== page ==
The future of IVF could mean that there is no longer a need for sperm or egg in order to create an embryo. This new technology is called In Vitro Gametogenesis, or IVG, and has already been successfully used in mice. In that experiment, a baby mouse was created from DNA taken from skin cells, as opposed to from sperm and egg.
The process works by taking skin cells and reassigning them to act as either sperm or eggs in a petri dish. Researchers hope that this technology, once available and tested on human subjects, could open the door to creating biological families for parents that could not pursue IVF methods. In this approach, it is realistic to think that a biological child could come from a parent or set of parents who are unable to donate healthy eggs, sperm, or both.
That opens the door for biological children to same sex couples as well as to men and women who were left infertile by cancer treatments or face other infertility struggles.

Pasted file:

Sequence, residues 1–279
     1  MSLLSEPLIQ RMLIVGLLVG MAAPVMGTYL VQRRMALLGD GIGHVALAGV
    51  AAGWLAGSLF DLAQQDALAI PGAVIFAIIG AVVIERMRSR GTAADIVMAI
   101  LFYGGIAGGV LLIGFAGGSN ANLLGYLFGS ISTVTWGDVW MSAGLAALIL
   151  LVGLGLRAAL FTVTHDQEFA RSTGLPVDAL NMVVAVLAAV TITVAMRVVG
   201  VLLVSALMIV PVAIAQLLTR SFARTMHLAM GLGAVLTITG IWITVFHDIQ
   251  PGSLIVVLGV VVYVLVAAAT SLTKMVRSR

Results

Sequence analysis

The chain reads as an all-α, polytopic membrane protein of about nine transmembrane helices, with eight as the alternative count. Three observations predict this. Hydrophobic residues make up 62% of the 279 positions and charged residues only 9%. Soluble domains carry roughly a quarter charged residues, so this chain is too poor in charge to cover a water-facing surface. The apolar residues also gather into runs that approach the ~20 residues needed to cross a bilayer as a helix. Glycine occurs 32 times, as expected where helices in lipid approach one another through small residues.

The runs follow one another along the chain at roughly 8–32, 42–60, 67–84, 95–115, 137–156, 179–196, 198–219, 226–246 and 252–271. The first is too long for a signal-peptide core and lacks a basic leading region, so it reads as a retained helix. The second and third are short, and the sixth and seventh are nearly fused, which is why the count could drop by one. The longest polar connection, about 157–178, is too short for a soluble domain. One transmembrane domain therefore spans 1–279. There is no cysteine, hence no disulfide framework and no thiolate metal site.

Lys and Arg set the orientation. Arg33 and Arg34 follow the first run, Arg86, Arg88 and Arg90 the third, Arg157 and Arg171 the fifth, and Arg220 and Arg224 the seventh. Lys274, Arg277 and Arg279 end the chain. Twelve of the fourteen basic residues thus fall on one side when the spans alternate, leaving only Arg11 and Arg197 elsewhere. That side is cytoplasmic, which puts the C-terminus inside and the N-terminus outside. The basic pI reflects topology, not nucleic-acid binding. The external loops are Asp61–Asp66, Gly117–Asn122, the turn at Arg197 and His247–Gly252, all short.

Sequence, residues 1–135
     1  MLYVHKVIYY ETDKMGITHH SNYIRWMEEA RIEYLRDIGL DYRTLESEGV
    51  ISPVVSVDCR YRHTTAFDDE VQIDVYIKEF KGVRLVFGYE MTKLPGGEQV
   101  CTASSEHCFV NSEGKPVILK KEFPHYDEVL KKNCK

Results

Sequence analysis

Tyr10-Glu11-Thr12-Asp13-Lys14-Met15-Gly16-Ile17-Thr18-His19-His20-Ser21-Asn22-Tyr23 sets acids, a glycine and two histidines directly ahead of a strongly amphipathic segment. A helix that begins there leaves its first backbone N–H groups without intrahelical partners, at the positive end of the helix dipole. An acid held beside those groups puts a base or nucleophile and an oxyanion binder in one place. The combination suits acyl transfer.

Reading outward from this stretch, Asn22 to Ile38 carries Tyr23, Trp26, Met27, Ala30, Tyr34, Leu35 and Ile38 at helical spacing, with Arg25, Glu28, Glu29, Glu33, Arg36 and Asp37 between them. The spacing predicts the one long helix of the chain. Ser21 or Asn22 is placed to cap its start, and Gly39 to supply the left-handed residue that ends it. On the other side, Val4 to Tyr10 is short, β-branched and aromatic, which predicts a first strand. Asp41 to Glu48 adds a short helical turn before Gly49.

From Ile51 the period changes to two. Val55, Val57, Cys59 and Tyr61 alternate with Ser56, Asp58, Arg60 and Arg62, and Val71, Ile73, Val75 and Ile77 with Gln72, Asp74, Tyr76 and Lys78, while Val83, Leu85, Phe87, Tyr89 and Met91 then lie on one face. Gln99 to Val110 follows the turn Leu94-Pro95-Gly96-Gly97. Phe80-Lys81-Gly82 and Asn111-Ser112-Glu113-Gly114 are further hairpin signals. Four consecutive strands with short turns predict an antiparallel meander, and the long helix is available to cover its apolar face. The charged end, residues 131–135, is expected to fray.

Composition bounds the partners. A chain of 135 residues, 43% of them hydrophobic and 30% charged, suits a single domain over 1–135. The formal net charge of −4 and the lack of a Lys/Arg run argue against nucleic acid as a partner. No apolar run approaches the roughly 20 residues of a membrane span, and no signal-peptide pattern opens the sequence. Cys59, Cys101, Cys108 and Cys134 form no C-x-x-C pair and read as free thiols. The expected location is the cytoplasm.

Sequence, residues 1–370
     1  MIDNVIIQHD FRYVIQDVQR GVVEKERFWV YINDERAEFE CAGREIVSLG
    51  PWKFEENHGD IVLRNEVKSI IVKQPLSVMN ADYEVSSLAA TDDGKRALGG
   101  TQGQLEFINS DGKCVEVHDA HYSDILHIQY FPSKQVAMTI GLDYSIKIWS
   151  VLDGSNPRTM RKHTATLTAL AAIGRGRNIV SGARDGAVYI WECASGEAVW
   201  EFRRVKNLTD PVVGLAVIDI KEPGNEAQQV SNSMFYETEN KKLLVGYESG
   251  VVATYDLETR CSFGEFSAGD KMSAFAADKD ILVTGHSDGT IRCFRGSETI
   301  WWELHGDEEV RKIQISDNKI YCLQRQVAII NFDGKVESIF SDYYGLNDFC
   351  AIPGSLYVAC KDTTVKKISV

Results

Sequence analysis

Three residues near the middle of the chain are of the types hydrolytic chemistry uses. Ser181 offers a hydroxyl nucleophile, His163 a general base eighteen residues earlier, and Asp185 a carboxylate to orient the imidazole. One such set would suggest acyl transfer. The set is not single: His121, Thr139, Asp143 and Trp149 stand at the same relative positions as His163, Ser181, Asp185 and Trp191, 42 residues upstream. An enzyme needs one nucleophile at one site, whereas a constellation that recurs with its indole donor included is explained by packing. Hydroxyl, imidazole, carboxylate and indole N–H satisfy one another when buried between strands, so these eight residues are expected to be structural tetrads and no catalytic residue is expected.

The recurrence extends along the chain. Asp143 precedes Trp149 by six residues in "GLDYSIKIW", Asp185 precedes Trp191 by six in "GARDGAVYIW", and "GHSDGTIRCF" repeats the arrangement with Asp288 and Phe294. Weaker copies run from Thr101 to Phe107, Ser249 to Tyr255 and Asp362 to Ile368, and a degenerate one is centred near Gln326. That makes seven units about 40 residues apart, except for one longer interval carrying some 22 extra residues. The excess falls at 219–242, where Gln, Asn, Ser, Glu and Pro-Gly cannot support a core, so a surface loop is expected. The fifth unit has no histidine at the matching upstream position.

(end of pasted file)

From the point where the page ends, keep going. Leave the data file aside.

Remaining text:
In addition to possessing the potential to create embryos without sperm and egg, the process used in this method means that future egg donors or intended mothers would not need to subject themselves to the hormone therapy regimen that currently precedes egg retrieval.
To date there are no active plans to attempt this technology on human subjects. Scientists are quick to note that the complexities of the human reproductive system are far more advanced than those seen in mice, and note that the jump from success in mice to success in humans could be many years away.